Tree peonies are not actually trees, but 4-foot tall shrubs with flowers the size of dinner plates that bloom in late April and early May. Native to mountain regions, tree peonies grow well in partial shade and slightly basic soil. These unique shrubs occur when you graft a woody peony onto an herbaceous garden peony. Knowledge of what to use for grafting and how to perform the graft will help you produce an attractive addition to your landscape.
Take a scion from an existing tree peony in early August. This is the piece that makes up the top of the graft. Cut straight through the branch, including two or three buds.
Choose a rootstock (the bottom section of the graft) from an existing herbaceous peony that is about the same diameter as the scion. Herbaceous peonies have stems that die back in the winter, while tree peonies do not. Measure about 8 inches of root and cut clean through.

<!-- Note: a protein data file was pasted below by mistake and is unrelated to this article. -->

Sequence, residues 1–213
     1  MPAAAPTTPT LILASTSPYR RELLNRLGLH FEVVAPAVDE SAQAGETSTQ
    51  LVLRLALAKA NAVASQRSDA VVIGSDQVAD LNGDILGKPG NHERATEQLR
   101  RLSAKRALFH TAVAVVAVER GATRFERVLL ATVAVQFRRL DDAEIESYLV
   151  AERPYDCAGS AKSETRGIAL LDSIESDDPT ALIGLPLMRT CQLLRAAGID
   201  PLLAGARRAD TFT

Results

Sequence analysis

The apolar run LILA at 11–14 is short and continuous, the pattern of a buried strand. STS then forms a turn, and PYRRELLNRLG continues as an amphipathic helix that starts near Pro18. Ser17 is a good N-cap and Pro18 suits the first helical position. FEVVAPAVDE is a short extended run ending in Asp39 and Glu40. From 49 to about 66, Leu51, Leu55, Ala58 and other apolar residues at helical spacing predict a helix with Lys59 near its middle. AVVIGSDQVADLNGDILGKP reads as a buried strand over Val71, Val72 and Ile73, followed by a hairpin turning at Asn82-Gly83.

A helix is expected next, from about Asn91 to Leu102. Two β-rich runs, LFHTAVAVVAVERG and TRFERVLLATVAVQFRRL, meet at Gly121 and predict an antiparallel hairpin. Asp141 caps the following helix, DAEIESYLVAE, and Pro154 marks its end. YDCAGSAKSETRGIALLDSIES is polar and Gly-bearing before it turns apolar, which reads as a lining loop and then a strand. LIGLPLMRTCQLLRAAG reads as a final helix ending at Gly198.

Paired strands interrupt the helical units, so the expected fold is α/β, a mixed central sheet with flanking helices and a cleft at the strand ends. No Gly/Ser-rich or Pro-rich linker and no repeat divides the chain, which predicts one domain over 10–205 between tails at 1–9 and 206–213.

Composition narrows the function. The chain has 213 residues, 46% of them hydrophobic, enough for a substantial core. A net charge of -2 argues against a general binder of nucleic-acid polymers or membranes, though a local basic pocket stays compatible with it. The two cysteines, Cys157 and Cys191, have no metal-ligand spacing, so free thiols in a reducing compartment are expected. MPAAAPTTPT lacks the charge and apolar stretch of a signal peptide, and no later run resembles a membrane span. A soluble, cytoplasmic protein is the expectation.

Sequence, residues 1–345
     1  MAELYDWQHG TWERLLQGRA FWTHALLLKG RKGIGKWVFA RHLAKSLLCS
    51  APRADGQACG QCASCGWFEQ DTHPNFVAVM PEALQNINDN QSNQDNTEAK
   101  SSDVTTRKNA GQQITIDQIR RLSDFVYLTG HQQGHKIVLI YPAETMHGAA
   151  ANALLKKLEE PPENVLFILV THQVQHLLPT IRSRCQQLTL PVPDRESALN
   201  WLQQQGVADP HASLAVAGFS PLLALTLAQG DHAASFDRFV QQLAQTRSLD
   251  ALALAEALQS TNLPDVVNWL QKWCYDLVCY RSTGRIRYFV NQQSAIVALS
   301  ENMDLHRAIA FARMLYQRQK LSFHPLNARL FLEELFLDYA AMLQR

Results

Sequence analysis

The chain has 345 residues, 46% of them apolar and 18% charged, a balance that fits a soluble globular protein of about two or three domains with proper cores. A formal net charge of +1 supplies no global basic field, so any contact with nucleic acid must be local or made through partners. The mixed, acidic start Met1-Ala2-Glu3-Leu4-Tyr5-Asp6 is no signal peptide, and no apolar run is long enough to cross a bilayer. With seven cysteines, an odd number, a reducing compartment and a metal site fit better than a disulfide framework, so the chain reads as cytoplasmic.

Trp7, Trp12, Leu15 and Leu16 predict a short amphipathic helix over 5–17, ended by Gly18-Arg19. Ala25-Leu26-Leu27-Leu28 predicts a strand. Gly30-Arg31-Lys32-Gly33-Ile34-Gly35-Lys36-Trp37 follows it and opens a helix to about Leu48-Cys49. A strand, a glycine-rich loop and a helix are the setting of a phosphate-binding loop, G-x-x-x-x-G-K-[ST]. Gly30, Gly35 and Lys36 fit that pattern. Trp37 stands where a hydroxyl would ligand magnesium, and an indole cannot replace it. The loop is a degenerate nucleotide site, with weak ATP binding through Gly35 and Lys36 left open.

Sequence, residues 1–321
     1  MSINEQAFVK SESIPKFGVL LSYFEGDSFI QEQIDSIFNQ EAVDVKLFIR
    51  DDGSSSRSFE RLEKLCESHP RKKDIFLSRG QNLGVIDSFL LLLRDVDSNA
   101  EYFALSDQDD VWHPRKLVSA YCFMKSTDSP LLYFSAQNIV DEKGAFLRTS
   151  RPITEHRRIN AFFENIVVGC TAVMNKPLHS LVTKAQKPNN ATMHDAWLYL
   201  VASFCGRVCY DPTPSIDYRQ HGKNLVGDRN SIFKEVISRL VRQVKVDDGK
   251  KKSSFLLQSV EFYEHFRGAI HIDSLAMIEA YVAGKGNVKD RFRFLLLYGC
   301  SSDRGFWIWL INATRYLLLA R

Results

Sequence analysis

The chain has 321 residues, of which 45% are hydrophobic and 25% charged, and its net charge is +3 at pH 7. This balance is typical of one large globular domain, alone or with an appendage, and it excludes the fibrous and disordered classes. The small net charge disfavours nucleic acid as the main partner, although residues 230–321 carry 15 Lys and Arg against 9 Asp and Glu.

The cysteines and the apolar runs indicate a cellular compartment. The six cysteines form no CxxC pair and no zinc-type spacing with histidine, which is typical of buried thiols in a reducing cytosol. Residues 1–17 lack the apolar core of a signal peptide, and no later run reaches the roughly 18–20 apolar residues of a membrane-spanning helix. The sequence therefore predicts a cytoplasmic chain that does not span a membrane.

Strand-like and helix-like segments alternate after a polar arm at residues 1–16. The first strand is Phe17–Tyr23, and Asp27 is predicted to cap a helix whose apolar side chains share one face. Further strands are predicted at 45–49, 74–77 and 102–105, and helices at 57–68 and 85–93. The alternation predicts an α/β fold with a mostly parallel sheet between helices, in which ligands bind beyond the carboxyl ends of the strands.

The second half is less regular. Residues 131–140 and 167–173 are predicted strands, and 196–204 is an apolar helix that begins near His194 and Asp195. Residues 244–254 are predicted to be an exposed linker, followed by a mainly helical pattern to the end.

Soak the root and scion in a solution of 1 part bleach and 10 parts water. Rinse them clean with water. Sanitize all tools and surfaces you use as well.
Cut the bottom of the scion at a 30-degree angle. This is the beginning of the wedge cut. Flip the scion over, with the cut facing down. Make a mirror cut on the other side, ensuring it has the same surface area as the first one.
Slit a sliver of wood from both the top and bottom of the rootstock. This will remove any bleach that penetrated the root. Cut a cleft on the top of the rootstock to match the wedge cut you made on the scion. Try to make it the exact same size as the scion cut.
Fit the scion into the rootstock and wrap the graft with rubber tape. This will create a waterproof seal for the new graft.
Place the grafted tree peony in a plastic bag with paper towel that is just moist. Leave the graft in a warm place, such as on top of the refrigerator, for one month to six weeks, allowing it to heal.